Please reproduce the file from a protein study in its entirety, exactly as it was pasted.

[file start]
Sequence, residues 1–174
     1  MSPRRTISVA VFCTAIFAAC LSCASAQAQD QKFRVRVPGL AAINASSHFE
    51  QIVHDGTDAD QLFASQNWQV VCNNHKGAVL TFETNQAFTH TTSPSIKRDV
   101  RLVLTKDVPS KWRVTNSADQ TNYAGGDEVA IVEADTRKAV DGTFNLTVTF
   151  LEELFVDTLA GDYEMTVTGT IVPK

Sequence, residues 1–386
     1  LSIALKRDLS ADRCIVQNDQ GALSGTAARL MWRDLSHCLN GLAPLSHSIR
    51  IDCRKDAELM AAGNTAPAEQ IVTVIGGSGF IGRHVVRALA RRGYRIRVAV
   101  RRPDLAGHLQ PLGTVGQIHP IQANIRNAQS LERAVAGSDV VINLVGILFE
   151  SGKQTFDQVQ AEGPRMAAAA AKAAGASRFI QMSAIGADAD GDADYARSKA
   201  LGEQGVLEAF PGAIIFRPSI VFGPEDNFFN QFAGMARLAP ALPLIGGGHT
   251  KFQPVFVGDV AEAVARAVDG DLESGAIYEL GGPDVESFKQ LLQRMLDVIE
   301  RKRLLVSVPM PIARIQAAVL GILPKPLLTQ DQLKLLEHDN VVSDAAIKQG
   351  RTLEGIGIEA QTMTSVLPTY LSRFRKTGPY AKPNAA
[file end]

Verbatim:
Sequence, residues 1–174
     1  MSPRRTISVA VFCTAIFAAC LSCASAQAQD QKFRVRVPGL AAINASSHFE
    51  QIVHDGTDAD QLFASQNWQV VCNNHKGAVL TFETNQAFTH TTSPSIKRDV
   101  RLVLTKDVPS KWRVTNSADQ TNYAGGDEVA IVEADTRKAV DGTFNLTVTF
   151  LEELFVDTLA GDYEMTVTGT IVPK

Sequence, residues 1–386
     1  LSIALKRDLS ADRCIVQNDQ GALSGTAARL MWRDLSHCLN GLAPLSHSIR
    51  IDCRKDAELM AAGNTAPAEQ IVTVIGGSGF IGRHVVRALA RRGYRIRVAV
   101  RRPDLAGHLQ PLGTVGQIHP IQANIRNAQS LERAVAGSDV VINLVGILFE
   151  SGKQTFDQVQ AEGPRMAAAA AKAAGASRFI QMSAIGADAD GDADYARSKA
   201  LGEQGVLEAF PGAIIFRPSI VFGPEDNFFN QFAGMARLAP ALPLIGGGHT
   251  KFQPVFVGDV AEAVARAVDG DLESGAIYEL GGPDVESFKQ LLQRMLDVIE
   301  RKRLLVSVPM PIARIQAAVL GILPKPLLTQ DQLKLLEHDN VVSDAAIKQG
   351  RTLEGIGIEA QTMTSVLPTY LSRFRKTGPY AKPNAA